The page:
Kassav' - Nou La (2000)

«The story of Kassav’ (the name comes from cassava, which is a mixture of manioc paste and coconut) began in 1979 when Pierre-Edouard Décimus, a member of a dance orchestra since the sixties, decided to revamp and modernize the music he had always played along with Freddy Marshall, another musician from the Antilles. They adored popular carnival music, and so Decimus tried to adapt it to modern musical techniques. They also recruited Jacob Desvarieux, an established studio guitarist, and Georges Décimus, Pierre-Edouard’s brother, a bass guitarist, together with other studio musicians. The group built up as it went along. The first formation went in to the recording studios in the November and brought out the first Kassav’ album, entitled Love and Ka Dance, a couple of months later. A new musical genre had been conceived: Zouk. New sounds, particularly bass, keyboards and brass wind instruments, gave this music a modern, festive air, both lively and foot-tapping. This was when Kassav’ began writing the history of Zouk. […]

Released in June 2000, Nou La (short for "Nou la, nou byen la" – We're here, really here!) featured 15 tracks recorded in Toulouse and mixed in Paris. But it was clear that the songs had been written and lovingly prepared in Martinique, the group’s eternal source of inspiration.» (RFIMusique, click here for full bio)

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Baba Zula - Roots (Kökler) (2007)

«Turkey is a nation in the midst of a dramatic transition. It’s pushing forward with social and economic reforms as it pursues membership in the European Union. During the process, it’s casting an eye to the rear view mirror, pondering and situating the impact of centuries of history stretching back to its pre-Islamic, Shamanic roots on its current hybrid Islamic-secular nation state. It’s a multi-layered country that blends Eastern and Western influences into its cultural mix – a fact that’s particularly apt given its geographic location straddling Europe and Central Asia.

Baba Zula, Turkey’s most beloved alternative music purveyors, provide an ideal soundtrack for this region in flux. The Istanbul-based band combines dub and reggae influences, traditional Turkish instruments, and electronica into a truly one-of-a-kind psychedelic sound. Comprised of electric saz player and vocalist Murat Ertel, electronics and percussion maestro Levent Akman, and darbuka player Coşar Kamçi, the three-piece band creates an enormous sound bathed in myriad melodies and polyrhythms. In concert, Baba Zula is a quartet that also features the talents of Ceren Oykut, a renowned graphic artist that creates and renders projected digital images in real time.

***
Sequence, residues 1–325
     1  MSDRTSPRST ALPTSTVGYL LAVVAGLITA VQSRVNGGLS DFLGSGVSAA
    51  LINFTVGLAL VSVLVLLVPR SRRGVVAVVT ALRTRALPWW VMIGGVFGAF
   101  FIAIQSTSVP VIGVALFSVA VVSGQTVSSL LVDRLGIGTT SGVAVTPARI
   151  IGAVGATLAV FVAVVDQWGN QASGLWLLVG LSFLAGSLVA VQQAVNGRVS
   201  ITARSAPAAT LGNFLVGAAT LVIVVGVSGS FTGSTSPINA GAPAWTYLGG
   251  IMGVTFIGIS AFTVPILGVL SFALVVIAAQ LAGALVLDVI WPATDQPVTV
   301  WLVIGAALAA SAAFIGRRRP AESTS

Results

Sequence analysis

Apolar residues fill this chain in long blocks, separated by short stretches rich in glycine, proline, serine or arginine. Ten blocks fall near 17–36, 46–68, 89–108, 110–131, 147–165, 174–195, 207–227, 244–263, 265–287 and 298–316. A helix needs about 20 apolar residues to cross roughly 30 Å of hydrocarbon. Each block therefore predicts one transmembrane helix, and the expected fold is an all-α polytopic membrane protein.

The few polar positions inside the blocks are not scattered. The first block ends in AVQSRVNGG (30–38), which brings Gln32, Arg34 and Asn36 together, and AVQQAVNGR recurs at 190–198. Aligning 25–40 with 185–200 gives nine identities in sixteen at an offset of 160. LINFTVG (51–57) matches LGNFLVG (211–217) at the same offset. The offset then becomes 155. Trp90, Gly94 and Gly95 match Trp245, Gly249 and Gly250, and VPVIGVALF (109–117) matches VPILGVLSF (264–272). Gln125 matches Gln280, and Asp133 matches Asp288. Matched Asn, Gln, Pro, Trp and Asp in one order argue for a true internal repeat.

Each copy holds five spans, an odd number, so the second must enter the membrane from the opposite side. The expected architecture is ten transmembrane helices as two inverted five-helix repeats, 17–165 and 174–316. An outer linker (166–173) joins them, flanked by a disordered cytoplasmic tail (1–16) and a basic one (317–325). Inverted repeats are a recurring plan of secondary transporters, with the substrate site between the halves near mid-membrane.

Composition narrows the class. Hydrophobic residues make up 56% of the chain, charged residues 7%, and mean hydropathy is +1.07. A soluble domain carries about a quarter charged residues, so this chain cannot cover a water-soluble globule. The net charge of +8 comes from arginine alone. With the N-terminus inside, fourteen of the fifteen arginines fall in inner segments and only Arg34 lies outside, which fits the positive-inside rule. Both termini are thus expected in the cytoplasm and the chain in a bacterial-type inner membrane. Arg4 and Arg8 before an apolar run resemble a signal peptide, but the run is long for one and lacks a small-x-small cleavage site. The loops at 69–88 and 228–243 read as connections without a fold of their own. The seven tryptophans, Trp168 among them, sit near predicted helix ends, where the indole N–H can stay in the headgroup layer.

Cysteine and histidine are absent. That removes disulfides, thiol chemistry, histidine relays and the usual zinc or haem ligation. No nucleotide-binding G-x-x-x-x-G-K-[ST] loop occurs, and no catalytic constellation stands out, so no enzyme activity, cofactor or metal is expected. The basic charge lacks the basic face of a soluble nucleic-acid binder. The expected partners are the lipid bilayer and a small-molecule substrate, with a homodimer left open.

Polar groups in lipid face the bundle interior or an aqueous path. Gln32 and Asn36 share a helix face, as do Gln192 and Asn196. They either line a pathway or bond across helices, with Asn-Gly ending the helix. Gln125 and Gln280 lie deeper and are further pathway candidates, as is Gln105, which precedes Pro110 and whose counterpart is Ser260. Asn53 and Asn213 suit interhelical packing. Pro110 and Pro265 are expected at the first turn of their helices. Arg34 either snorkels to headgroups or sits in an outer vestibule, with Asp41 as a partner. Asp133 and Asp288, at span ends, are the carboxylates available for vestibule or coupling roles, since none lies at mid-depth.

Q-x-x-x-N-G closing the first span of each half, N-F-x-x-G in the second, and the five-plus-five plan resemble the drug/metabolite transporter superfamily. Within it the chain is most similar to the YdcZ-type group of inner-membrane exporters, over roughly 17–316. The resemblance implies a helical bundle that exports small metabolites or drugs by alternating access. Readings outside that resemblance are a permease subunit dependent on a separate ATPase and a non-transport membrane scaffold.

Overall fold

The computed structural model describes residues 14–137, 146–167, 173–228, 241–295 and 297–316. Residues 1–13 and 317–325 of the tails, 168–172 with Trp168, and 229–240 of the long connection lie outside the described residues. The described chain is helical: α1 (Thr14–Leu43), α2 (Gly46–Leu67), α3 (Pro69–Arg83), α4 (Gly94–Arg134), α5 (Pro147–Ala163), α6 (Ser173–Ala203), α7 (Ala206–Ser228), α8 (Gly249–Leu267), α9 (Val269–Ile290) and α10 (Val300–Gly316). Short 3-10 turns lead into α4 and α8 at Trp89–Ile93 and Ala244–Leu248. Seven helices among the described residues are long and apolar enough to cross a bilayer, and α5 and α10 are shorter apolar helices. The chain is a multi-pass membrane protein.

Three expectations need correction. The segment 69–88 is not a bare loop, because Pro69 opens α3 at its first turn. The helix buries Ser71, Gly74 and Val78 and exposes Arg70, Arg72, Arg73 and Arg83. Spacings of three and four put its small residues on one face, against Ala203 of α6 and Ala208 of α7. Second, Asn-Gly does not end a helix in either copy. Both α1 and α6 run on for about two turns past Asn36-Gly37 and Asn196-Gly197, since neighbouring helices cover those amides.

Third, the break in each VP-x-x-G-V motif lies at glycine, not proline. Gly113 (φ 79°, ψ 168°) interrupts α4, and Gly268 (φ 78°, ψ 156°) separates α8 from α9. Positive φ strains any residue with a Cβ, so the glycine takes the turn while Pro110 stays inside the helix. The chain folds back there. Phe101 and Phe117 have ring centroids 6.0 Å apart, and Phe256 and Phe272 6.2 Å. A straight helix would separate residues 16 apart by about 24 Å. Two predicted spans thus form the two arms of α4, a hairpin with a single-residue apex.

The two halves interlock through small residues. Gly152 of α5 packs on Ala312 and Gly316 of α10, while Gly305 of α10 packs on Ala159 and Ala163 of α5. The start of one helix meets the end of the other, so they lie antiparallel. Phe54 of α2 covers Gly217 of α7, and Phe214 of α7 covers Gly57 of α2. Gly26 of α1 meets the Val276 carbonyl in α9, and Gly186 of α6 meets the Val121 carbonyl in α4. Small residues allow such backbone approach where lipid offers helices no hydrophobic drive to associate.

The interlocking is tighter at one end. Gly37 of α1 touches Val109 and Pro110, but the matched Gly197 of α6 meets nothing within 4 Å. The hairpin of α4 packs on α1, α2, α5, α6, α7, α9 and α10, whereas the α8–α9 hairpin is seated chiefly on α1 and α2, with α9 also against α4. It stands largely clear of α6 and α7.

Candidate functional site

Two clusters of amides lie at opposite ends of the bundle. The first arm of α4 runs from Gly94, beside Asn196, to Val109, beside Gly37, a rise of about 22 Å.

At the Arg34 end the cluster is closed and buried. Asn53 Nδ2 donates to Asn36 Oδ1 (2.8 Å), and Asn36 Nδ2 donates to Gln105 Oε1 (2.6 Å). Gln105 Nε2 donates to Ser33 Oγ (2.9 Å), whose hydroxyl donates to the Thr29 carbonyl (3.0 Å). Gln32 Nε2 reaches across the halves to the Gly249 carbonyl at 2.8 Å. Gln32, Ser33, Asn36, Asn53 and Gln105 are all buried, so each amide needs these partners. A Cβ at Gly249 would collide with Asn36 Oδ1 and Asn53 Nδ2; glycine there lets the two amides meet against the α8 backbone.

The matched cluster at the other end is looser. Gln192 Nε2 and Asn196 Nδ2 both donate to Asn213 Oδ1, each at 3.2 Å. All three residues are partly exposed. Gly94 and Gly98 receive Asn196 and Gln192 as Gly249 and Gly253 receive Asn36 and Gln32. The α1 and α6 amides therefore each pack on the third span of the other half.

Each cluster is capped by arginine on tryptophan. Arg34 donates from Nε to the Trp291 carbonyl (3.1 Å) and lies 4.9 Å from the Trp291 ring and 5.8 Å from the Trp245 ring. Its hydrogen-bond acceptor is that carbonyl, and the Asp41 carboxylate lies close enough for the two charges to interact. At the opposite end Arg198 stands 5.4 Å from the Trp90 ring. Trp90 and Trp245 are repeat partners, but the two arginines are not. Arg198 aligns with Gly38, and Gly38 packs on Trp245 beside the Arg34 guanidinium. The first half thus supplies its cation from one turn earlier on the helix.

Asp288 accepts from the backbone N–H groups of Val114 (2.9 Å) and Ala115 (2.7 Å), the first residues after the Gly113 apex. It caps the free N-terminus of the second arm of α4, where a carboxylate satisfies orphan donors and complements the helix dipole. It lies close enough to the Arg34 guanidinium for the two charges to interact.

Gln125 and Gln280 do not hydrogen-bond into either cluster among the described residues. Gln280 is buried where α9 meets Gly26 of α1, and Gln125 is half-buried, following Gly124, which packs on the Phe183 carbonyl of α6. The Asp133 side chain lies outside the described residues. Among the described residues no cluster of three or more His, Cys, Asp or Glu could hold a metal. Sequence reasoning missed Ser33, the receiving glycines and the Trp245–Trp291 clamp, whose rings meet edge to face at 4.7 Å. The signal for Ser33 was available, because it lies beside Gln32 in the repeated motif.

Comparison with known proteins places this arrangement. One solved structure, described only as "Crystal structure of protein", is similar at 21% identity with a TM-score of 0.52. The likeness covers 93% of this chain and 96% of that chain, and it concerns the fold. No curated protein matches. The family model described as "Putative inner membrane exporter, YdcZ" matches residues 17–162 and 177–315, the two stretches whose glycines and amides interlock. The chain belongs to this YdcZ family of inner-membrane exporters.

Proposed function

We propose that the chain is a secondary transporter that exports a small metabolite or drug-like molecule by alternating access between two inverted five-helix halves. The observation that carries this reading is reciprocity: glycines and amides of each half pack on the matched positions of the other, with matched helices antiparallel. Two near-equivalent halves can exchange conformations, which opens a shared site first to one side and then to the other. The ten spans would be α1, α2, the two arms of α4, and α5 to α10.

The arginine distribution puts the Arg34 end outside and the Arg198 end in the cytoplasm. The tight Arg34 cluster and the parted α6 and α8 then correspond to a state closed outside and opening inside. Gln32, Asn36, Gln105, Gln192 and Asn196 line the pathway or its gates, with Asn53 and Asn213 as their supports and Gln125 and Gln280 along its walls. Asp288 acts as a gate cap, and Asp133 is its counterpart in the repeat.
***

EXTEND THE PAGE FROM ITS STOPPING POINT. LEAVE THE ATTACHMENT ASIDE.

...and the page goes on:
While it is relatively unknown in the West, the saz is the foremost stringed instrument used in Turkey. With three-to-12 strings on a bouzouki-like body, it possesses a distinct, bright, and ringing high-pitched sound that’s pleasing to the ear. It’s at the core of the group’s sound and that of many other contemporary and traditional Turkish acts.

Baba Zula just released Roots, its sixth album. It’s a stripped down affair that represents the essence of the group’s trio interaction. Previous discs featured many special guests, as well as outside producers, but the band was intent on keeping things in the family for its latest outing. The album features 25 mostly short pieces that largely came out of studio improvisations, as well as three dub mixes by noted Japanese producer Naoyuki Uchida.

Listeners abroad may have been previously exposed to Baba Zula in Crossing the Bridge, a remarkable documentary by Fatih Akin now available on DVD worldwide. The film takes viewers through Istanbul's contemporary and avant-garde music scenes with a level of depth and intrigue rarely found in musical travelogues. The documentary has helped elevate Baba Zula’s international profile considerably. Don’t be surprised if they hit your local scene in the near term...» (Anil Prasad, Innerviews, click here to read the interview)

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